Seminar for Majors: The Civil War

PROFESSOR FITZGERALD

History 270

Spring 2011

 
OFFICE HOURS
:
Tuesday 2-3, Wednesday 3-4, and Thursday 3-4, and by appointment, in Holland Hall 532 (down the hidden hall toward the windows facing the Library). In general, I'm readily available right after class for as long as needed, and I often read at the Cage between classes.  I welcome interruptions.  Also, I work a fair amount in my office, so you can look for me there. 

 
PHONE NUMBER:
Office: x3162 (and my home phone is in the book.  Use it with discretion)

 
E-MAIL
:
fitz (I try to check my e-mails morning and late afternoon weekdays, and sometimes on weekends too, especially before papers are due.  If you have questions about the readings or assignments, this might be a useful tool. Also, e-mail me promptly if you see a problem with the syllabus or in getting access to the books)

Note: You should check your e-mail daily too. I often send course announcements or reading assignments out this way.  This is particularly important before papers.

 
COURSE OBJECTIVE:
This course provides an overview of historical methods through an examination of the Civil War, particularly the impact of war on society.  A major focus will be the Confederate experience, the social cataclysm of war, and what it did to the South and the nation.

In addition, the course aims to provide some basic experience in writing college-level term papers, and to introduce students to the profusion of online primary resources available in this field, and how to utilize them.

 
REQUIRED READINGS
:

James McPherson, What They Fought For

Paul Escott, After Secession

Gary Gallagher, The Confederate War

James McPherson Tried By War

Wakeman, An Uncommon Soldier

Drew Faust, The Republic of Suffering


Other materials will be distributed in class or online from time to time as assignments.

 

READING SCHEDULE (this is tentative, it isn't a contract.  I can change dates as needed)

 

Feb. 7: Introduction to Class

 

Feb. 9: To Secession

Mc Pherson, What They Fought For, all

 

Feb. 11: The Secession Crisis

Online readings, various Secession Convention statements: to be distributed before class

 

Feb. 14, 16, 18, 21: The Confederacy: Government and Society

Read Escott, After Secession

 

Feb. 23, 25, 28: The Confederate Military and Southern Society

Read Gallagher, The Confederate War

 

Mar. 2: Class Discussion—No Reading

First Analysis Paper Due

 

Mar. 4, 7, 9, 11: The North: Mr. Lincoln’s War

Read McPherson, Tried By War



Mar. 14, 16: An Uncommon Experience of War: A Woman in the Ranks

Read Wakeman, An Uncommon Soldier

 

Mar. 18: In Class Film

Second Analysis Paper Due

 

March 21, 23, 25: Spring Break--

 

March 28, 30, April 1, 4, 6: Death and Society: The Human Impact of War

 

Read: Faust, This Republic of Suffering

 

April 8: “Final” Exam

No Reading

 

April  11, 13: CLASS CANCELLED, INDIVIDUAL APPOINTMENTS WITH STUDENTS

 

April 15: Class Discussion on Primary Research Methods

 

 April 18: LIBRARY PRESENTATION ON RESEARCH TECHNIQUES

 

April  20: CLASS CANCELLED, INDIVIDUAL APPOINTMENTS WITH STUDENTS

 

 

April 22 and 25: EASTER BREAK

 

 

April 27, CLASS MEETS, DISCUSSION OF STUDENT PRESENTATIONS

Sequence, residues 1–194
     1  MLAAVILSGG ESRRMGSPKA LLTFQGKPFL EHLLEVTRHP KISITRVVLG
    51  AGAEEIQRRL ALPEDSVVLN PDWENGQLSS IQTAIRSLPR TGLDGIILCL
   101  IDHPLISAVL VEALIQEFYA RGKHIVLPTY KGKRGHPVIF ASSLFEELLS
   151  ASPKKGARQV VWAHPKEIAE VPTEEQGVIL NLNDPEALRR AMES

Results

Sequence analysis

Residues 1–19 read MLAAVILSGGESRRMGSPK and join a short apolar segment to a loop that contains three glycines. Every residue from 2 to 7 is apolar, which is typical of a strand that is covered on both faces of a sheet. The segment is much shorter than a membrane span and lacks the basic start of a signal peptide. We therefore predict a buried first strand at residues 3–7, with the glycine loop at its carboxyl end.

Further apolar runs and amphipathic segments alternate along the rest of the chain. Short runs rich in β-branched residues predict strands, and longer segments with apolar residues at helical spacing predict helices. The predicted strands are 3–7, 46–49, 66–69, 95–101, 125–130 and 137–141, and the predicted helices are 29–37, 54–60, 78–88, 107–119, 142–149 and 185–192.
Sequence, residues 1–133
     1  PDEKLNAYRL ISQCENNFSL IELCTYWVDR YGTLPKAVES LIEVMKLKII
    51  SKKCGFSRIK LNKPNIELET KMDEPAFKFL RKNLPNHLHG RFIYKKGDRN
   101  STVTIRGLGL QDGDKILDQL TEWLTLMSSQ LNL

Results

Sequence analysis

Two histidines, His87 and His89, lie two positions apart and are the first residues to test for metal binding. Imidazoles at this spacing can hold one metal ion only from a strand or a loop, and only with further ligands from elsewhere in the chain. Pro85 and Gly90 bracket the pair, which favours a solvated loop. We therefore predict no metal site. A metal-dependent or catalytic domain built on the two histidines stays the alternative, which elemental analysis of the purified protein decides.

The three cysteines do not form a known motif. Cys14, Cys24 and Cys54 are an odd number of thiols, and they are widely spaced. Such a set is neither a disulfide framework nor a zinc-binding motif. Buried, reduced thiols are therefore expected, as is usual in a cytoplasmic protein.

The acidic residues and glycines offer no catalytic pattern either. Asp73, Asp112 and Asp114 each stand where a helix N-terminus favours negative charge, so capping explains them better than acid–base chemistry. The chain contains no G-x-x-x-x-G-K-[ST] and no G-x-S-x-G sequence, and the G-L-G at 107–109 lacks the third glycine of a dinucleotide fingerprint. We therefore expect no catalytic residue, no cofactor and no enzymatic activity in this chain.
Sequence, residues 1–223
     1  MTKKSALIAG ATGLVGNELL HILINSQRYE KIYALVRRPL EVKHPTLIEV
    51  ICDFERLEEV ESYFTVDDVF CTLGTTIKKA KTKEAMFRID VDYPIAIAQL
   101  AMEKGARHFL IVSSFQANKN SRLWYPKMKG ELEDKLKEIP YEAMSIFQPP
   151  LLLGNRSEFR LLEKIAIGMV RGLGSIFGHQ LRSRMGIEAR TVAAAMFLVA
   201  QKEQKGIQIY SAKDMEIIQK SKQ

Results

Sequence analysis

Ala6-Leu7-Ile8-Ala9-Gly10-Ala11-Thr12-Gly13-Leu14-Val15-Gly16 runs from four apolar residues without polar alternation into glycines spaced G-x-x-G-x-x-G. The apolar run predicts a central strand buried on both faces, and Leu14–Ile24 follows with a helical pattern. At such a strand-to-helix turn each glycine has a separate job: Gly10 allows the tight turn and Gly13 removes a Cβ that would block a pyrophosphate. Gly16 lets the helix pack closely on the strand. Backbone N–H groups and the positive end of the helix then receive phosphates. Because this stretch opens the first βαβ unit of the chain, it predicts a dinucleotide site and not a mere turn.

April 29, CLASS CANCELLED, INDIVIDUAL APPOINTMENTS WITH STUDENTS

 

 

May 2, 4, 6, 9, 11 CLASS MEETS, STUDENT PRESENTATIONS

 

 

May 13, CLASS CANCELLED, INDIVIDUAL APPOINTMENTS WITH STUDENTS

 

 

May 16, CLASS MEETS, DISCUSSION OF PROGRESS


Finals Week, Monday, May 23, 2-4 PM: TERM PAPER DUE


GRADING POLICY: Each analysis paper is worth 10% of the grade, the final exam is worth 25% and the term paper is worth 40%.  The rest is class participation, which means showing up on time, all the time, having done the reading and being prepared to talk about it intelligently.

PLAGIARISM: My wife is one of the primary authors of the campus plagiarism policy, so I’m obliged to honor it.  Plagiarism is using somebody else’s words, or their exact ideas, without acknowledgement.  Please consult me if an issue comes up.

SPECIAL ACCOMMODATIONS: Students who have a certified disability probably already know the procedure for informing professors.  Please tell me early in the semester, with the appropriate documentation, and remind me periodically (especially before exams) that I need to respond to your situation. 

PERSONAL ISSUES: Professors get a lot of excuses from students, but if something is going on in your life that affects your classroom work, you probably should let me know privately.

OTHER NOTES: Attendance is mandatory, as is class participation and keeping up with the reading. Attendance is taken periodically, and unexcused absences (more than three times per semester) can effect the final grade. You are expected to be prepared by doing the reading for the day specified, ready to talk about it intelligently.  This isn't a lecture class; you do most of the talking.

E-mail is an excellent way to ask questions or follow up on issues that you don't want to raise in class, or think of after class. It can help with paper assignments too, when you need clarification. Feel free also to email to the class list, "history-270b," if you'd like to do so. Just be polite when you criticize other people's ideas.

Also, check your e-mails regularly, because sometimes I have to communicate to class when something important comes up.

Final note: Most professors suspect themselves of some unusual virtue, and here’s mine: I tend not to mind when people disagree with me, or with one another, because it means you are paying attention.  Just be polite about it, and remember that we are talking about sensitive topics.

 

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